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Joined: 04/09/2020
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Before I install it I want to know if it is x86 program or not.

Thanks

db

Joined: 09/29/2016
Groups: Gargleblasters
That's a slightly vague

That's a slightly vague question, all things considered.
But since it says it's for Windows 7 which is pretty much only or x86 architectures, I'm going to assume you're asking if it is a 32bit program, not 64bit?

If so, Foldit is 32bit and only 32bit. It does not use any of the enhancements that x64 capable CPUs or OSes offer, and can function on 32bit-Only processors.

However, as all CPUs sold within the last decade are all 64bit... if your CPU is so old that it ISN'T x64 capable, then I assure you that you do NOT want to try to run it, because it is not well optimized at all! lol It only uses one CPU Core, and therefore you'd want a processor running at a very high frequency (MHz). It can run on laptops, but it's quite slow, especially if it wasn't high-end to begin with. :P

Hopefully that answers your question <_>

Joined: 12/27/2012
Groups: Beta Folders
not *quite* true anymore...

Foldit used to run on mainly one "core" or more properly one "logical processor". After an update about a year and a half ago, Foldit now uses about 1.25 to 1.5 logical processors while running a recipe with its window minimized.

I think the update to a newer version of Rosetta also introduced this increase in processor usage, but not 100% sure on that.

If you look at what's happening during a recipe in Process Explorer or a similar tool, you'll still see one Foldit program thread using near 100% of a logical processor more or less continuously. There's also a second thread that's fairly busy, but more variable, that accounts for most of the rest of the activity.

In early versions, there was just one busy thread while running a recipe, and activity on the other threads was minimal.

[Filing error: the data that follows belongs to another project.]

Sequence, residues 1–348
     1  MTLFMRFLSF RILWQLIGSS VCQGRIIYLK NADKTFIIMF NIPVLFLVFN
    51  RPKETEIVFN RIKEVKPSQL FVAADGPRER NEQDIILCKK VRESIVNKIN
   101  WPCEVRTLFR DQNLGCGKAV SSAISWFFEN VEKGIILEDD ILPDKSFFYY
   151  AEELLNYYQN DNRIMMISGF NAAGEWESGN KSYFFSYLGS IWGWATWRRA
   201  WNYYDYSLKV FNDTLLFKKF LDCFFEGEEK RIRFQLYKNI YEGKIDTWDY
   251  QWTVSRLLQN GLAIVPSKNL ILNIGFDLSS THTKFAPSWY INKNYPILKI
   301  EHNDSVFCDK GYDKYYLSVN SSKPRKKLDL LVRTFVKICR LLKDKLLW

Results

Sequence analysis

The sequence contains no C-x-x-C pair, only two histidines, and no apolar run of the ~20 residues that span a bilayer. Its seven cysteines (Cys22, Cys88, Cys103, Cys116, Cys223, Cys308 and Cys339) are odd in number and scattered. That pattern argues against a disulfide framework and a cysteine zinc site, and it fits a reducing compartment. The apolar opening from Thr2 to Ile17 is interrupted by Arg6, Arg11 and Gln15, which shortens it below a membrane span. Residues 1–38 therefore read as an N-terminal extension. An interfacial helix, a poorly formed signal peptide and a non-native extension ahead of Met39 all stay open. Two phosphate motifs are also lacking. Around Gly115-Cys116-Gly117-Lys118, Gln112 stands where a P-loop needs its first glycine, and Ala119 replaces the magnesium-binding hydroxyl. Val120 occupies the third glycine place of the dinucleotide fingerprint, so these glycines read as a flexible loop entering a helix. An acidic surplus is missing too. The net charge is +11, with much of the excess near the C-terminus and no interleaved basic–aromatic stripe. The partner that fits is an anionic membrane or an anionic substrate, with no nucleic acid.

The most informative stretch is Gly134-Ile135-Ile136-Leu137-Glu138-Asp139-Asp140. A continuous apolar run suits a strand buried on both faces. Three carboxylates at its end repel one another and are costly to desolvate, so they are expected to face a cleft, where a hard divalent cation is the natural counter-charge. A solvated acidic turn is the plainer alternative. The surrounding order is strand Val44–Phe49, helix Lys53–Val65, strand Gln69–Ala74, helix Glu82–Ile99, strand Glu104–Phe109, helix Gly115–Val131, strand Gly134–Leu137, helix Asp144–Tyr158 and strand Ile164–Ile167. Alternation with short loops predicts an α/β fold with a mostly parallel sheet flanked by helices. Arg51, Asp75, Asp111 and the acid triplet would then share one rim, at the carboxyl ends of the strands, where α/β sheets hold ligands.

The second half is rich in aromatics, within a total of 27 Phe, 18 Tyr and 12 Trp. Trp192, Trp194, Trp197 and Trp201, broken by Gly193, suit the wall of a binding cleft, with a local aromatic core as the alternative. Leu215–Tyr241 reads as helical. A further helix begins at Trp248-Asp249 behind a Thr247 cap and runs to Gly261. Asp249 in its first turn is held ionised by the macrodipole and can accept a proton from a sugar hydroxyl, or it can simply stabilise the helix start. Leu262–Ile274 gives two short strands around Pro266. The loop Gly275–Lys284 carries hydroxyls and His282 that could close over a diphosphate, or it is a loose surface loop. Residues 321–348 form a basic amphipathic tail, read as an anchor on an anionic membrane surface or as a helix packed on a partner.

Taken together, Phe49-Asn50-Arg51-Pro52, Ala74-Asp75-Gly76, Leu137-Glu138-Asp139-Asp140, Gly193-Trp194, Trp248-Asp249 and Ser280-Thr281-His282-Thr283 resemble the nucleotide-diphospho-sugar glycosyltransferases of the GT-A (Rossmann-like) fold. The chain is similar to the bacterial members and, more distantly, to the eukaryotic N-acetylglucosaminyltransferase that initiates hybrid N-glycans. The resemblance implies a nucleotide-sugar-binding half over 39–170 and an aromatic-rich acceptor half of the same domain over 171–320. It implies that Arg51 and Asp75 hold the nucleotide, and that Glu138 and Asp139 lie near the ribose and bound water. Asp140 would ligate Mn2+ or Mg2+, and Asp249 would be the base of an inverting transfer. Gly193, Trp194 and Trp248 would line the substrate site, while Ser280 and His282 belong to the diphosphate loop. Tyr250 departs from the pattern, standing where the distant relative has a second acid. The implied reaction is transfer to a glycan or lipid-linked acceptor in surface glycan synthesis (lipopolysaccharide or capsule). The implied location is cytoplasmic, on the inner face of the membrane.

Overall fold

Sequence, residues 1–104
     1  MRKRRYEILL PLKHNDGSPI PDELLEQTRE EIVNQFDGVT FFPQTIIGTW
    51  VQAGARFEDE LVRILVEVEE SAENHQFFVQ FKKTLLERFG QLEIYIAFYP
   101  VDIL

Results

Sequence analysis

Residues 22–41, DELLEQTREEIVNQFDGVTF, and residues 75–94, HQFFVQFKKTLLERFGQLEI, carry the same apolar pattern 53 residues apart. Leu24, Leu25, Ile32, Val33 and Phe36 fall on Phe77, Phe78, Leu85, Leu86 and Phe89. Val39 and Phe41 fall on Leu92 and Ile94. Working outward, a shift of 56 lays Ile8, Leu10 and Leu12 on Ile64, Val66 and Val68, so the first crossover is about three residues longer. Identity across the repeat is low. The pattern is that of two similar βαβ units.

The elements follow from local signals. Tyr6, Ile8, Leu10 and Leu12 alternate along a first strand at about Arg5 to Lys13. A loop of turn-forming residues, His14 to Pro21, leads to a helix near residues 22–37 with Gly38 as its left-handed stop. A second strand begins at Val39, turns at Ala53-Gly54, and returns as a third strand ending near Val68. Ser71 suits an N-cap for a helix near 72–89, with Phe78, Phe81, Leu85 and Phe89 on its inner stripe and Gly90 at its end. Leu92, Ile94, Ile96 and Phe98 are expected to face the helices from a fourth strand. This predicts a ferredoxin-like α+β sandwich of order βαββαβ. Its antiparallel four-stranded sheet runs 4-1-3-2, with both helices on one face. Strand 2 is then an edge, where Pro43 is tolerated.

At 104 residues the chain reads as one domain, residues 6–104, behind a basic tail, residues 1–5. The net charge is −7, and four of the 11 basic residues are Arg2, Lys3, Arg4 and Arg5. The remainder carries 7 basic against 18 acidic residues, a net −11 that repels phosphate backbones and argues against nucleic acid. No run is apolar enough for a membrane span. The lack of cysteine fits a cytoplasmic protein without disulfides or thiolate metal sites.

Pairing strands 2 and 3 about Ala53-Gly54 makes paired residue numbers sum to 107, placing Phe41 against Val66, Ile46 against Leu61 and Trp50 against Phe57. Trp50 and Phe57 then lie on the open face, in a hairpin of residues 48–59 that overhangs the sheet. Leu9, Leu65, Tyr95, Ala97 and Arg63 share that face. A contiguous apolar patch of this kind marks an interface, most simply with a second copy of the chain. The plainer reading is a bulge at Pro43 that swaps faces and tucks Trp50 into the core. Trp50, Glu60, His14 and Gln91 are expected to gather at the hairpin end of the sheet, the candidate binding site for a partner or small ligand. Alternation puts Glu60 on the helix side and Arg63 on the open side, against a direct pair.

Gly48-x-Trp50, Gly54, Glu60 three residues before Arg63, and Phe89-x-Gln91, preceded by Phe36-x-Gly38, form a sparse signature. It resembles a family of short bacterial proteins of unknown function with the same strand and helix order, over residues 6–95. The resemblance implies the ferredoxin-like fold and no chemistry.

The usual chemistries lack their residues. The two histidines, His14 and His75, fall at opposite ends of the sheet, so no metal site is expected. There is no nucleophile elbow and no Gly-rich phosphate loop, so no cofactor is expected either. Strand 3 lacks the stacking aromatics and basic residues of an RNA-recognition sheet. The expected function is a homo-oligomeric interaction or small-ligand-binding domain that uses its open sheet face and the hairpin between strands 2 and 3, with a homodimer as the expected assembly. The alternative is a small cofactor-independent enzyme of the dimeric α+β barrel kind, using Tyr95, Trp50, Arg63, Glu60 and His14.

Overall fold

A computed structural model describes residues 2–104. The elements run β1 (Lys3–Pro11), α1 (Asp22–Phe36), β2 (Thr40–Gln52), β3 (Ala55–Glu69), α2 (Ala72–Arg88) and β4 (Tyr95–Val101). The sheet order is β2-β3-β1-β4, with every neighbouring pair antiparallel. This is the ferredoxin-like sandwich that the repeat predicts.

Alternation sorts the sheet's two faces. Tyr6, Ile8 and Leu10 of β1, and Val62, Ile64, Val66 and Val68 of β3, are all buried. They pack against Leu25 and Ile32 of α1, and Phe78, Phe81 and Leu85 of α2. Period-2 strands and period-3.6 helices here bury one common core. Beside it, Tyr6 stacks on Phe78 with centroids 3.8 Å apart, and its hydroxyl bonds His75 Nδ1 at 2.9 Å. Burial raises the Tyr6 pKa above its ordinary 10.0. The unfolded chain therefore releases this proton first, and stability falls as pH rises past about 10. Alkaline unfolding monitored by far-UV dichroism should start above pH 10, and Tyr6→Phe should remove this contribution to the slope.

Foldit still runs on older hardware. I'm able to run it on an old laptop with only two logical processors that was originally Windows XP. That system is OK for hand folding, but not so great for running recipes.

Separately, on the Mac front, I think that Foldit is now 64-bit, since recent macOS versions no longer support 32-bit programs. (Apple likes to plan obsolescence.)

Joined: 09/29/2016
Groups: Gargleblasters
Hmm...

Yea I suppose it is a little better at it now. While I'm not running a recipe currently, with the window in view and doing the automated Mutate, it's indeed consuming almost 2 logical threads completely (~15%, whereas "fully" would be 16% on my 16-threaded Ryzen CPU). Minimized, still doing Mutate, that plummets to a single threaded equaling 8% heh

Also depends on how utilization is being calculated. Task Manager is the above reference, but Process Hacker shows that same 8% as 6.35%
Same with my laptop where ~43% Task Manager is claimed to be 5% lower in Process Hacker.

My gut wants to say Task Manager is going to be more accurate given it's M$'s own program lol Yet, Process Hacker has been around for a lllllong time, so it's hard to imagine there'd be such a long standing bug.


Either way, at the end of the day, Foldit sadly is a program that was developed in an age where it wasn't able to take full advantage of even the most common processors - dual core. It's a shame we're forced to run multiple instances to get the most out of our CPU... which means trying to juggle more open windows :P

Hopefully we've managed to answer the OP's question though! lol

jawz101's picture
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Joined: 03/07/2020
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Yep, it's frustrating. When

Yep, it's frustrating. When the coronavirus hit I decided to build a computer just dedicated to folding for science. Ryzen 5 2600 cpu, Geforce GTX 1650 Super gpu, 32GB memory, 500GB nvme. Now hearing the app is intentionally kept crippled bugs the heck out of me.

Joined: 09/29/2016
Groups: Gargleblasters
Not <b>intentionally</i>...

It's just a massive task for what boils down to being pretty much a single coder. It's mostly a resources (see: money) issue, but also partially to deal with the Rosetta Commons code that Foldit is based around.

Would definitely be nice University of Washington could take on community help by simply having anyone helping with code sign an NDA... But I imagine there has to be more to it otherwise such a simple thing would've been done long ago :(


Push come to shove, you can still play Foldit and utilize more of your system through multiple instances open and running automated recipes. The Wiki has guides for setting that up.

There's also the option to simultaneously run Rosetta@HOME and/or Folding@HOME alongside Foldit. :)

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Developed by: UW Center for Game Science, UW Institute for Protein Design, Northeastern University, Vanderbilt University Meiler Lab, UC Davis
Supported by: DARPA, NSF, NIH, HHMI, Amazon, Microsoft, Adobe, RosettaCommons